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Supervising the Police (From Police and Policing: Contemporary Issues, Second Edition, P 37-56, 1999, Dennis J. Kenney and Robert P. McNamara, eds. -- See NCJ-179842)

NCJ Number
Kenneth J. Peak; Ronald W. Glensor; Larry K. Gaines
Date Published
20 pages
In reviewing the role of the police supervisor, this chapter addresses the issues of ethics, decision-making, values, liability and negligence, discipline of subordinates, supervision as it relates to community-oriented policing and problem-solving, and future challenges.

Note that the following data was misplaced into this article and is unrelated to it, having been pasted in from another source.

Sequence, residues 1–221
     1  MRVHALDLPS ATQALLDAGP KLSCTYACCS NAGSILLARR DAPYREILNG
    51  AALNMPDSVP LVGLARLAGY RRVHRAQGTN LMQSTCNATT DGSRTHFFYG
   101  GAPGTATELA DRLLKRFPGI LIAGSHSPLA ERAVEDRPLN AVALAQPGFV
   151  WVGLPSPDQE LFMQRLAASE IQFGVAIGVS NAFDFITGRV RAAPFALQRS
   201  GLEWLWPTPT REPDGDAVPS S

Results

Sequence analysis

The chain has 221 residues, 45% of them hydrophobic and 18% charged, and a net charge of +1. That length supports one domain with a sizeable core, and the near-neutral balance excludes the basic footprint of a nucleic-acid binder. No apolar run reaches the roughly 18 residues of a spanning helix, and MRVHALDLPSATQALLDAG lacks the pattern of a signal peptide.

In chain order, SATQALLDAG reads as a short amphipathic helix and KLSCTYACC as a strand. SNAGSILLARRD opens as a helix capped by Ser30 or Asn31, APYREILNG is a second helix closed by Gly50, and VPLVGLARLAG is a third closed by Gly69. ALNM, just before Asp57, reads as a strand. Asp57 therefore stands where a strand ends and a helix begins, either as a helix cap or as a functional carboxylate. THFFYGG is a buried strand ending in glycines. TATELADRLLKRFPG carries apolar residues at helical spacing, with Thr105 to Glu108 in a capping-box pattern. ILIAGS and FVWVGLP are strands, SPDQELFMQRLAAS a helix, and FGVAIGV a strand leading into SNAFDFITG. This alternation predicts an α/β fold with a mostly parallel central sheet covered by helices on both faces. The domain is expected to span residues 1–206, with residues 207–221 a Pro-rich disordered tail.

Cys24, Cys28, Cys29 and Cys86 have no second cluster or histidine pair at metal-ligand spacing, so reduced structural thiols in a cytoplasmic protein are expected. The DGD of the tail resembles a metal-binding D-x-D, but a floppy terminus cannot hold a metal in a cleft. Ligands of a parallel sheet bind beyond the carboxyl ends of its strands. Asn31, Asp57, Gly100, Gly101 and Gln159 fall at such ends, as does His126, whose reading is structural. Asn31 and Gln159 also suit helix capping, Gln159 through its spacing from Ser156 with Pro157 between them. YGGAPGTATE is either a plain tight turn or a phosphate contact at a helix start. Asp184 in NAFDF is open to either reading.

The police supervisor's role is to assist subordinates in performing their duties to the best of their abilities. This task involves a variety of actions, including communicating, motivating, leading, team building, training, developing, appraising, counseling, and disciplining. Enabling subordinates to do their best includes identifying the strengths and weaknesses of each subordinate, defining "good" and "bad" performance, measuring performance, providing feedback, and making sure that subordinates' efforts coincide with the organization's mission, values, goals, and objectives. As if the supervisor's job were not difficult enough, it is made doubly difficult by the dynamic nature of policing, which requires continuing police agency change in response to changing societal conditions, agency conditions, agency personnel, evaluation findings, and political influences. In guiding and instructing officers in the ethical conduct of police business, police supervisors must be above reproach themselves; supervisory values are just as important as line officer values. Under concepts of legal liability, the failure of supervisors to instruct and guide line officers properly can result in agency liability for failure of front-line officers. The chapter section on effective discipline focuses on subordinates' self-discipline, methods of monitoring behavior, and the need for negotiation. Another section of the chapter considers the implementation of total quality management in the context of community-oriented policing and problem-solving. The section on "future considerations" addresses a changing society, adapting to greater diversity, the responsibilities of community-oriented policing and problem-solving, and high technology. A 26-item bibliography